(a) the country to which we transfer the personal data ensures an adequate level of protection for the data subjects’ rights and freedoms;
(b) the data subject has provided explicit consent to the proposed transfer after being informed of any potential risks; or
(c) the transfer is necessary for one of the other reasons set out in the GDPR
Data Subject’s Rights and Requests
1.31 Data subjects have rights when it comes to how we handle their personal data. These include rights to:
(a) withdraw consent to processing at any time;
(b) receive certain information about the data controller’s processing activities;
(c) request access to their personal data that we hold;
(d) prevent our use of their personal data for direct marketing purposes;
(e) ask us to erase personal data if it is no longer necessary in relation to the purposes for which it was collected or processed or to rectify inaccurate data or to complete incomplete data;
(f) restrict processing in specific circumstances;
(g) challenge processing which has been justified on the basis of our legitimate interests or in the public interest;
(h) request a copy of an agreement under which personal data is transferred outside of the EEA;
(i) object to decisions based solely on automated processing, including profiling;
(j) prevent processing that is likely to cause damage or distress to the data subject or anyone else;
(k) be notified of a personal data breach which is likely to result in high risk to their rights and freedoms;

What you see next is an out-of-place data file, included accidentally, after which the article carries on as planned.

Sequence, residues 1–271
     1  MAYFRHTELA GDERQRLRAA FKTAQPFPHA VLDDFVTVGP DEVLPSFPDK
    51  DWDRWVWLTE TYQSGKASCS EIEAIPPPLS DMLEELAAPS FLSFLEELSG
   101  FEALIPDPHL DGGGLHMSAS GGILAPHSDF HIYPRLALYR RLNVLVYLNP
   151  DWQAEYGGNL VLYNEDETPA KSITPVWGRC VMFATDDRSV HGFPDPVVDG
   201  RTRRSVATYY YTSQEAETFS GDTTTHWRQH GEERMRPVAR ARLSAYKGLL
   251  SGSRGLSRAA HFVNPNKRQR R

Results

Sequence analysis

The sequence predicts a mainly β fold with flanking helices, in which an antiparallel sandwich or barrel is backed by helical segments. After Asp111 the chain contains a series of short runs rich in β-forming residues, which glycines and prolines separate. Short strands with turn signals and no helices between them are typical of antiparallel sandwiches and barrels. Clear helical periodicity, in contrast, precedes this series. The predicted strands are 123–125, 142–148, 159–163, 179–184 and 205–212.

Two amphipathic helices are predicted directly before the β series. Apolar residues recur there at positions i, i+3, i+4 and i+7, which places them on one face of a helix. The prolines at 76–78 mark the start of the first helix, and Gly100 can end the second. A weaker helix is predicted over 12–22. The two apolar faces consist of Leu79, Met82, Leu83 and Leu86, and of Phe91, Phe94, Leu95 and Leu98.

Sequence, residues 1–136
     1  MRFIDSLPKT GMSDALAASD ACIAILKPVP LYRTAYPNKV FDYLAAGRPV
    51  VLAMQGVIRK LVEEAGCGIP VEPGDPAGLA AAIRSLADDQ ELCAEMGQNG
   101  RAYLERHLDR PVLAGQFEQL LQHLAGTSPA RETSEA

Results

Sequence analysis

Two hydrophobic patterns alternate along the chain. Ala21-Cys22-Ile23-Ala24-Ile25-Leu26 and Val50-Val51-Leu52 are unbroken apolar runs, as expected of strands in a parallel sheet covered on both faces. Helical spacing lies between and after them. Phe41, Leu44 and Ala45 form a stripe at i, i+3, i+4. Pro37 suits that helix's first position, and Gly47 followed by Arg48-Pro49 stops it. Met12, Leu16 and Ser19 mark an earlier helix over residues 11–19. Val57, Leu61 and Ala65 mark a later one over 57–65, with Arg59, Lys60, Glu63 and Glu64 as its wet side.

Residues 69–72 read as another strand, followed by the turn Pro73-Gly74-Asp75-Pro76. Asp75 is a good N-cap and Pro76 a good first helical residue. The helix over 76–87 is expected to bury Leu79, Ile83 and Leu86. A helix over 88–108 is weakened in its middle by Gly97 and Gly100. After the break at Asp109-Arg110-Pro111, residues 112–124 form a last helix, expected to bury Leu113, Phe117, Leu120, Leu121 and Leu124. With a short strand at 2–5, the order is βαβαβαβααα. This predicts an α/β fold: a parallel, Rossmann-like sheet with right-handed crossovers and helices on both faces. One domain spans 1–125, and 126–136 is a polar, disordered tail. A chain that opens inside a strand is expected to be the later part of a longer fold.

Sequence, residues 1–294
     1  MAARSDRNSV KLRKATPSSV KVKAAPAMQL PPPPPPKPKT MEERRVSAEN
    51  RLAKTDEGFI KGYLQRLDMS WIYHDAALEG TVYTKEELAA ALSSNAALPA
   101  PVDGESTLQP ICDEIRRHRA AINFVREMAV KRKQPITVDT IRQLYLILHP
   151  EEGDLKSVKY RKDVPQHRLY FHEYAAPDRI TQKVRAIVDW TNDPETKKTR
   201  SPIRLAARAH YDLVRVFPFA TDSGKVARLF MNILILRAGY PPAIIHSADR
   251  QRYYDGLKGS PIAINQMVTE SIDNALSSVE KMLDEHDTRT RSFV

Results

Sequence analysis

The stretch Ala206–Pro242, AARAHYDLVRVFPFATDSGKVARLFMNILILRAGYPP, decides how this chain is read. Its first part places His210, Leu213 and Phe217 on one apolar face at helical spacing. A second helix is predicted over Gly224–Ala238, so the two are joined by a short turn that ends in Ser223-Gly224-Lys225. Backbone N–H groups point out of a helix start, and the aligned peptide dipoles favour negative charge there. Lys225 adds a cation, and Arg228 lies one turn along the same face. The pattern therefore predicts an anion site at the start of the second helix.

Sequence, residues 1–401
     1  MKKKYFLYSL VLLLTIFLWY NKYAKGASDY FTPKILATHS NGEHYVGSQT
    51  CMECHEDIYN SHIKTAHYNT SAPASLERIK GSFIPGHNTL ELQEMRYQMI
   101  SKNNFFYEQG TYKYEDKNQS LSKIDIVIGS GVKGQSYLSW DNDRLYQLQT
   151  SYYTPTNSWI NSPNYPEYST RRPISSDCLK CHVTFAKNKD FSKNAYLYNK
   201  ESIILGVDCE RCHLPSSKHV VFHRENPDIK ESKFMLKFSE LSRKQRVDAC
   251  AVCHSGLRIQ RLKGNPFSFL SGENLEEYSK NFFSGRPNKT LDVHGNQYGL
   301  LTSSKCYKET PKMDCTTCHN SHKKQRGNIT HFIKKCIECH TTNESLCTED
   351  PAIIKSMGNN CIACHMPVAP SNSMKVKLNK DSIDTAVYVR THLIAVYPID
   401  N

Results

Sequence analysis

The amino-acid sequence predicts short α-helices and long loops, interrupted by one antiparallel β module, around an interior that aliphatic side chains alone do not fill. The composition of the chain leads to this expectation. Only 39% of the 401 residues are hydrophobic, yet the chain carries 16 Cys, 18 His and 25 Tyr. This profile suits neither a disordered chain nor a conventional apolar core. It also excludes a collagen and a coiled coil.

(l) make a complaint to the supervisory authority; and
(m) in limited circumstances, receive or ask for their personal data to be transferred to a third party in a structured, commonly used and machine readable format.
1.33 The Data controller must implement appropriate technical and organisational measures in an effective manner, to ensure compliance with data protection principles. The data controller is responsible for, and must be able to demonstrate, compliance with the data protection principles.
1.34 Record Keeping
1.35 The GDPR requires us to keep full and accurate records of all our data processing activities.
1.36 Training and Audit
1.37 We are required to ensure all company personnel have undergone adequate training to enable them to comply with data privacy laws. We must also regularly test our systems and processes to assess compliance.
1.38 Direct Marketing
1.39 We are subject to certain rules and privacy laws when marketing to our customers.
1.40 For example, a data subject’s prior consent is required for electronic direct marketing (forexample, by email, text or automated calls). the limited exception for existing customersknown as “soft opt in” allows organisations to send marketing texts or emails if they have obtained contact details in the course of a sale to that person, they are marketing similar products or services, and they gave the person an opportunity to opt out of marketing when first collecting the details and in every subsequent message.
1.41 The right to object to direct marketing must be explicitly offered to the data subject in an intelligible manner so that it is clearly distinguishable from other information.
1.42 A data subject’s objection to direct marketing must be promptly honoured. if a customer opts out at any time, their details should be suppressed as soon as possible. Suppression involves retaining just enough information to ensure that marketing preferences are respected in the future.
1.43 Sharing Personal Data
1.44 Generally we are not allowed to share personal data with third parties unless certain safeguards and contractual arrangements have been put in place.
1.45 We may only share the personal data we hold with another employee, agent or representative of our group (which includes our subsidiaries and our ultimate holding company along with its subsidiaries) if the recipient has a job-related need to know the information and the transfer complies with any applicable cross-border transfer restrictions.